Never Say Never
I taught for ten years in middle and high school English classrooms. Then I published my first book and stopped teaching altogether. I wanted to focus solely on my writing career. So I was pleased to take on the writing end of a photojournalism project about refugees in Austin.
With my photographer friend, Ashley St. Clair, I began observing refugees at iACT’s ESL classes. We went once, sometimes twice a week to their English classes. We assisted students with whatever lesson they were working on that morning. Sometimes one of the teachers would ask Ashley or I to teach a portion of the lesson.
I said I’d never teach again, but somehow I didn’t mind guest teaching those mornings at ESL. Moreover, I began to enjoy the chance to flex those pedagogy muscles. I found myself daydreaming all week about ways I would like to teach this or that particular lesson. After a month I realized that, in fact, I wanted to teach again, but not just any students… I wanted to teach English to refugees.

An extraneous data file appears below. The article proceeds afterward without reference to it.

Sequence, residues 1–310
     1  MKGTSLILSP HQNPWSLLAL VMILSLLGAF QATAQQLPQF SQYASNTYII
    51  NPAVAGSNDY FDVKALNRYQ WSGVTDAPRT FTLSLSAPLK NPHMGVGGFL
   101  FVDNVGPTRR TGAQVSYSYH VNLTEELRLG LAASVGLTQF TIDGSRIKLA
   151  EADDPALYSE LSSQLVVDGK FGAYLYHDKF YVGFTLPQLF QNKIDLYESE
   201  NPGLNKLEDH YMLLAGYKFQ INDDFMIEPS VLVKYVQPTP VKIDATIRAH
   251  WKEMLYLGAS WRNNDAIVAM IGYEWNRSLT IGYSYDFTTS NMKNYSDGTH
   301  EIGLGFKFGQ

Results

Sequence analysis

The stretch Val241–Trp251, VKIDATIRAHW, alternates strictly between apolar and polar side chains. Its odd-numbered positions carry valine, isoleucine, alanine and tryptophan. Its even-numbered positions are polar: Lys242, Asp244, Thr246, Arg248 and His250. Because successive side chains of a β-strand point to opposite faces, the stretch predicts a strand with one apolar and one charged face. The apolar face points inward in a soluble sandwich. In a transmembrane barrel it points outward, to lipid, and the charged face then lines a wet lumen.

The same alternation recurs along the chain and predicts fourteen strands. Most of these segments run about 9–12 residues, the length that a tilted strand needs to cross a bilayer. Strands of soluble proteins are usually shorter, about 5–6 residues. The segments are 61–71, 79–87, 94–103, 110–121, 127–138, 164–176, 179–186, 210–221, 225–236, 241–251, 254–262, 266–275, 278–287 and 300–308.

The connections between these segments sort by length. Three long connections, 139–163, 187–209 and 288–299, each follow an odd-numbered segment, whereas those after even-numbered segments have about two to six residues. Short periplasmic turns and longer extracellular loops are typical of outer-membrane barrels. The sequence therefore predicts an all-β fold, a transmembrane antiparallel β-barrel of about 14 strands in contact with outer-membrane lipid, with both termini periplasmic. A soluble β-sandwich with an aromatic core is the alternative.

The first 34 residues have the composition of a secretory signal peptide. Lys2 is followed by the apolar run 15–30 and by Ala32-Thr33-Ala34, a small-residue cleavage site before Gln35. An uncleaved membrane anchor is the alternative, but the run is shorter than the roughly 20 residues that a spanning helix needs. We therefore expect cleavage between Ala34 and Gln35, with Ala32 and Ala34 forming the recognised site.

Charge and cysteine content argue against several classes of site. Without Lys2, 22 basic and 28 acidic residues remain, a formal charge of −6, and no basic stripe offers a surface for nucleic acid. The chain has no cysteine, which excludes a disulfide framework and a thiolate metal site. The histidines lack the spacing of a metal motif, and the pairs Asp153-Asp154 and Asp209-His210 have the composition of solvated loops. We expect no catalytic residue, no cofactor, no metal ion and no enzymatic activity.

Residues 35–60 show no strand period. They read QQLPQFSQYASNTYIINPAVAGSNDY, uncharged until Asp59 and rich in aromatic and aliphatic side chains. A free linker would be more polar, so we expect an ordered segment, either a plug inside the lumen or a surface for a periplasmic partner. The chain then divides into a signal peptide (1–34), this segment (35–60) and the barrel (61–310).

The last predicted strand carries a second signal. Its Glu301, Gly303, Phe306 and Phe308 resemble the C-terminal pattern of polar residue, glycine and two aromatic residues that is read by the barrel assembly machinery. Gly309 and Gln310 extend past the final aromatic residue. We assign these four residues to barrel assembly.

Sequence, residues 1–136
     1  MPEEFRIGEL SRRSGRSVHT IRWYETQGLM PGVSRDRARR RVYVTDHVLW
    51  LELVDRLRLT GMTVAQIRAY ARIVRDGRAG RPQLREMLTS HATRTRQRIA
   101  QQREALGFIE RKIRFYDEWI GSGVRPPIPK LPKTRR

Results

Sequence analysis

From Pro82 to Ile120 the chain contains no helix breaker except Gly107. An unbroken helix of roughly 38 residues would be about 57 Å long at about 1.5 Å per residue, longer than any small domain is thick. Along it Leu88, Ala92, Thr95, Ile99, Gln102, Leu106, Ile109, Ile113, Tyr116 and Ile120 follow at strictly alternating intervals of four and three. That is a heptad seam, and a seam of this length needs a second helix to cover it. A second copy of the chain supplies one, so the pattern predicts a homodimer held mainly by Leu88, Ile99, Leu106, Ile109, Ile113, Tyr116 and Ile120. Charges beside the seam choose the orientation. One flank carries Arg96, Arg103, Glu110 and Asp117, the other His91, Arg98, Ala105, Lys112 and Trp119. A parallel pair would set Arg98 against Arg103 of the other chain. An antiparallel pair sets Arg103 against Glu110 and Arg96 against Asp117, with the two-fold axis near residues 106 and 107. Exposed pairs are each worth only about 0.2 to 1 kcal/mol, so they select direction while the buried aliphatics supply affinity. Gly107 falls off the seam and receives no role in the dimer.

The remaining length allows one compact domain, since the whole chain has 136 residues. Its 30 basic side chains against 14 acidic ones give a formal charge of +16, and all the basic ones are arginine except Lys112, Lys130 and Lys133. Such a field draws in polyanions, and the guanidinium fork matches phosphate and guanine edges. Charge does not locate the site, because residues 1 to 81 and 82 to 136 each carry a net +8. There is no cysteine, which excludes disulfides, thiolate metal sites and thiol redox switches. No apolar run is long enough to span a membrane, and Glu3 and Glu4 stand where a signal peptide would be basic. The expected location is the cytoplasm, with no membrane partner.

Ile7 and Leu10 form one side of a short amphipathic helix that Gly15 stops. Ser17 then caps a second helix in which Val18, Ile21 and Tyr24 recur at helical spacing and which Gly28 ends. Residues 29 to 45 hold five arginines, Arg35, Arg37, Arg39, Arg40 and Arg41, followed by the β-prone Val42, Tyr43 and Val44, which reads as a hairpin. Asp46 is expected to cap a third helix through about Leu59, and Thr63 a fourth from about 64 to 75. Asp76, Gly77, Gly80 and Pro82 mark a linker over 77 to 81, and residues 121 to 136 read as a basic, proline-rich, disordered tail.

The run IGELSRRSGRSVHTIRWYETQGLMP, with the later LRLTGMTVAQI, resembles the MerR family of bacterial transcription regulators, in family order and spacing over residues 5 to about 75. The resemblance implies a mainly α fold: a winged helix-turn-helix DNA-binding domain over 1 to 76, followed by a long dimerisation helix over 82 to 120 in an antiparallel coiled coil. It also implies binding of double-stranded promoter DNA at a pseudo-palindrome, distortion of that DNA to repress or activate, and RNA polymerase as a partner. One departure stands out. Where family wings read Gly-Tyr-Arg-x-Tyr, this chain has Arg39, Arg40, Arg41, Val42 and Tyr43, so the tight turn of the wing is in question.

When a position opened for permanent teacher with iACT, I quickly applied. Now I find myself back in the classroom. But teaching is different for me this time. For one, teaching refugees is the classroom management jackpot. They are adult learners who are voracious to learn the English language. There are no disciple problems and certainly none of the teenage angst that permeates a middle school classroom.
Instead, teaching refugees is about building trust. I make sure to show them that first I care about them as human beings, only then can I show them how to use and apply the English language. I try to filter every lesson through the lens of practicality. What English do refugees need to build a life in an entirely foreign culture?
As refugees, my new students come with tragedy. And as their teacher I bare this burden with sensitivity. I must. I wouldn’t be a conscientious teacher if I didn’t.
At the same time, I try everyday to show them hope. Hope for their futures here in Austin, Texas. I say to them in English every day, “Your English is improving because you work at it. Well done. Keep learning.”
I once said I’d never teach again. But that was before I’d ever seen a classroom of refugees: pencils ready, books open, eyes wide and hearts open to begin a new life in Austin.
Never Say Never